- Network Theory Tutorial
- Network Theory - Home
- Network Theory - Overview
- Example Problems
- Network Theory - Active Elements
- Network Theory - Passive Elements
- Network Theory - Kirchhoff’s Laws
- Electrical Quantity Division Principles
- Network Theory - Nodal Analysis
- Network Theory - Mesh Analysis
- Network Theory - Equivalent Circuits
- Equivalent Circuits Example Problem
- Delta to Star Conversion
- Star to Delta Conversion
- Network Theory - Network Topology
- Network Topology Matrices
- Superposition Theorem
- Thevenin’s Theorem
- Network Theory - Norton’s Theorem
- Maximum Power Transfer Theorem
- Response of DC Circuits
- Response of AC Circuits
- Network Theory - Series Resonance
- Parallel Resonance
- Network Theory - Coupled Circuits
- Two-Port Networks
- Two-Port Parameter Conversions
- Network Theory - Filters

- Network Theory Useful Resources
- Network Theory - Quick Guide
- Network Theory - Useful Resources
- Network Theory - Discussion

# Network Theory - Kirchhoff’s Laws

Network elements can be either of **active** or **passive** type. Any electrical circuit or network contains one of these two types of network elements or a combination of both.

Now, let us discuss about the following two laws, which are popularly known as **Kirchhoff’s laws**.

- Kirchhoff’s Current Law
- Kirchhoff’s Voltage Law

## Kirchhoff’s Current Law

Kirchhoff’s Current Law (KCL) states that the algebraic sum of currents leaving (or entering) a node is equal to zero.

A **Node** is a point where two or more circuit elements are connected to it. If only two circuit elements are connected to a node, then it is said to be simple node. If three or more circuit elements are connected to a node, then it is said to be **Principal Node**.

**Mathematically**, KCL can be represented as

$$\displaystyle\sum\limits_{m=1}^M I_m = 0$$

Where,

is the m*I*_{m}^{th}branch current leaving the node.is the number of branches that are connected to a node.*M*

The above statement of **KCL** can also be expressed as "the algebraic sum of currents entering a node is equal to the algebraic sum of currents leaving a node". Let us verify this statement through the following example.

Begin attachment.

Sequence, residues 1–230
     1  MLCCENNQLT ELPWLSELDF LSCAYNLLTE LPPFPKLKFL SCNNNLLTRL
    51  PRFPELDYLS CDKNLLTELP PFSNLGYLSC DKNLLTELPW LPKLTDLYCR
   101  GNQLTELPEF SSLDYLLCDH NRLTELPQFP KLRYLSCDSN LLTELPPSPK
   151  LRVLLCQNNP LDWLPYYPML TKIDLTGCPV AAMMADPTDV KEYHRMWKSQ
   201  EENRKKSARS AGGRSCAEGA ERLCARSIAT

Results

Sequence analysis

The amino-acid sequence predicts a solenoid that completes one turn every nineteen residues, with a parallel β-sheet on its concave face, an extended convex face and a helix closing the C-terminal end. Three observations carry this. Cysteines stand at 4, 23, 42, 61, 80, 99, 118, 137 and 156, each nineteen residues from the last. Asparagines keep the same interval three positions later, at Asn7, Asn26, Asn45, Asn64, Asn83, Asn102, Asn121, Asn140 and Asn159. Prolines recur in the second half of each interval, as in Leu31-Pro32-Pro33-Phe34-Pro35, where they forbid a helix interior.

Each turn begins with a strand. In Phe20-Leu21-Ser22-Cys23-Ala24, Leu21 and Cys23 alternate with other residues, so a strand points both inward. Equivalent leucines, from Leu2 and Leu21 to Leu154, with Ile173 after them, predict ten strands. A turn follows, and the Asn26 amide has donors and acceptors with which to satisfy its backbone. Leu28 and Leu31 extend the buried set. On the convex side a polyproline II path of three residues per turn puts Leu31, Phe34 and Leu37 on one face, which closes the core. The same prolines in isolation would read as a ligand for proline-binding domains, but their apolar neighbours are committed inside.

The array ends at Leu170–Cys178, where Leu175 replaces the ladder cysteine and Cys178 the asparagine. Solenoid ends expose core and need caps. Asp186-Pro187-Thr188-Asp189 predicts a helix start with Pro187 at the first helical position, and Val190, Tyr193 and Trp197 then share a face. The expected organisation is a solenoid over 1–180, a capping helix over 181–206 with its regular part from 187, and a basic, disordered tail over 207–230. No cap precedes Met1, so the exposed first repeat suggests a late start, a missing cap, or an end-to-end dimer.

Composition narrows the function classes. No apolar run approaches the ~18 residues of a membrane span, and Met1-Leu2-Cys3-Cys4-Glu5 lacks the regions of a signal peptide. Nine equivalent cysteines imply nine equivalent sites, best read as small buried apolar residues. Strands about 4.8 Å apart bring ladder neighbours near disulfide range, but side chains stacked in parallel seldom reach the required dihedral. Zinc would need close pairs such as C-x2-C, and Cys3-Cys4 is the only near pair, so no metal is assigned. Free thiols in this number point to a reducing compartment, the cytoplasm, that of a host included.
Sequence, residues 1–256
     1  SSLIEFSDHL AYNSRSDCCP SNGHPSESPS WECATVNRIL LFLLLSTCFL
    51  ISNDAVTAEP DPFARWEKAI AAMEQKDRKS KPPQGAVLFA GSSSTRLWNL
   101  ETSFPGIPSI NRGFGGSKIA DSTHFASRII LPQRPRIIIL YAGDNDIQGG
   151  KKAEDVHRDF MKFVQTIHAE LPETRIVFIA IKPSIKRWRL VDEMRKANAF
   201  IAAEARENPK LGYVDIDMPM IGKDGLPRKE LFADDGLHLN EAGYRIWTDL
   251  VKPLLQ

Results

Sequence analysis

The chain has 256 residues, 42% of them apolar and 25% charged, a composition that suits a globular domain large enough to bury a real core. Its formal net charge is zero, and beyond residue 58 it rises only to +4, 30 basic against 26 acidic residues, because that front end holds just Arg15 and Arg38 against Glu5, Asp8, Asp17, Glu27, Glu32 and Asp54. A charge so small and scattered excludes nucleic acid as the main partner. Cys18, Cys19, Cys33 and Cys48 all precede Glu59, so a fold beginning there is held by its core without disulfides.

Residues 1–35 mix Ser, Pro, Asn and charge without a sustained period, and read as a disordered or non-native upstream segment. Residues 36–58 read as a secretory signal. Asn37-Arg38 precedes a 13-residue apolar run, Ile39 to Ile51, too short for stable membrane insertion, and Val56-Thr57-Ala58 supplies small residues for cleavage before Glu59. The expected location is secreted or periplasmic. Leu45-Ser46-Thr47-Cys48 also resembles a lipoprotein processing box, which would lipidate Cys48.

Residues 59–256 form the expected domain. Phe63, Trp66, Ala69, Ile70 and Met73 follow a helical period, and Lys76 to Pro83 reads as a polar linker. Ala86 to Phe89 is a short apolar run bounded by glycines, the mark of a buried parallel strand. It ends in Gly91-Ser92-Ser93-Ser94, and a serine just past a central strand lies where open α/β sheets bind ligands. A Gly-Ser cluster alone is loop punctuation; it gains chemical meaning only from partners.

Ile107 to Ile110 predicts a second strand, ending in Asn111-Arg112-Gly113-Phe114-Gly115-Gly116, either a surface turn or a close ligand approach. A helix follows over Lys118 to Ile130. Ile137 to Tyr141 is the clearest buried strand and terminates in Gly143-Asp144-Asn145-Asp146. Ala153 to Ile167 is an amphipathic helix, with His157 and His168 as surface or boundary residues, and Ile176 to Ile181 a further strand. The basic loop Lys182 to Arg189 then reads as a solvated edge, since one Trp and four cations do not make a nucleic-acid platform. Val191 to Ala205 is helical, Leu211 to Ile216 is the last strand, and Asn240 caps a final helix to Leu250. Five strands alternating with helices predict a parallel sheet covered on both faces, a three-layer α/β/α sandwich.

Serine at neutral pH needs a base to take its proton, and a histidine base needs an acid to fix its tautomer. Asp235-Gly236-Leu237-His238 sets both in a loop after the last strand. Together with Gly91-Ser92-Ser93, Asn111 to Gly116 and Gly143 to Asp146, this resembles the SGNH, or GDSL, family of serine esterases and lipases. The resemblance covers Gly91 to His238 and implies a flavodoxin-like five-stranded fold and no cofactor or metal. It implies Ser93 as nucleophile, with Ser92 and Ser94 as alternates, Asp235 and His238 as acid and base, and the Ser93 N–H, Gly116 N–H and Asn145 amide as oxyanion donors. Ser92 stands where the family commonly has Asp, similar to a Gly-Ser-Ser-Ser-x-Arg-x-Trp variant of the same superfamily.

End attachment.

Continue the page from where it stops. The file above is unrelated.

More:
### Example

Write **KCL equation** at node **P** of the following figure.

In the above figure, the branch currents I

_{1}, I_{2}and I_{3}are**entering**at node P. So, consider negative signs for these three currents.In the above figure, the branch currents I

_{4}and I_{5}are**leaving**from node P. So, consider positive signs for these two currents.

The **KCL equation** at node P will be

$$- I_1 - I_2 - I_3 + I_4 + I_5 = 0$$

$$\Rightarrow I_1 + I_2 + I_3 = I_4 + I_5$$

In the above equation, the left-hand side represents the sum of entering currents, whereas the right-hand side represents the sum of leaving currents.

In this tutorial, we will consider positive sign when the current leaves a node and negative sign when it enters a node. Similarly, you can consider negative sign when the current leaves a node and positive sign when it enters a node. In both cases, the **result will be same**.

**Note** − KCL is independent of the nature of network elements that are connected to a node.

## Kirchhoff’s Voltage Law

Kirchhoff’s Voltage Law (KVL) states that the algebraic sum of voltages around a loop or mesh is equal to zero.

A **Loop** is a path that terminates at the same node where it started from. In contrast, a **Mesh** is a loop that doesn’t contain any other loops inside it.

Mathematically, KVL can be represented as

$$\displaystyle\sum\limits_{n=1}^N V_n = 0$$

Where,

**V**is the n_{n}^{th}element’s voltage in a loop (mesh).**N**is the number of network elements in the loop (mesh).

The above statement of **KVL** can also be expressed as "the algebraic sum of voltage sources is equal to the algebraic sum of voltage drops that are present in a loop." Let us verify this statement with the help of the following example.

### Example

Write **KVL equation** around the loop of the following circuit.

The above circuit diagram consists of a voltage source, V_{S} in series with two resistors R_{1} and R_{2}. The voltage drops across the resistors R_{1} and R_{2} are V_{1} and V_{2} respectively.

Apply **KVL** around the loop.

$$V_S - V_1 - V_2 = 0$$

$$\Rightarrow V_S = V_1 + V_2$$

In the above equation, the left-hand side term represents single voltage source VS. Whereas, the right-hand side represents the **sum of voltage drops**. In this example, we considered only one voltage source. That’s why the left-hand side contains only one term. If we consider multiple voltage sources, then the left side contains sum of voltage sources.

In this tutorial, we consider the sign of each element’s voltage as the polarity of the second terminal that is present while travelling around the loop. Similarly, you can consider the sign of each voltage as the polarity of the first terminal that is present while travelling around the loop. In both cases, the **result will be same**.

**Note** − KVL is independent of the nature of network elements that are present in a loop.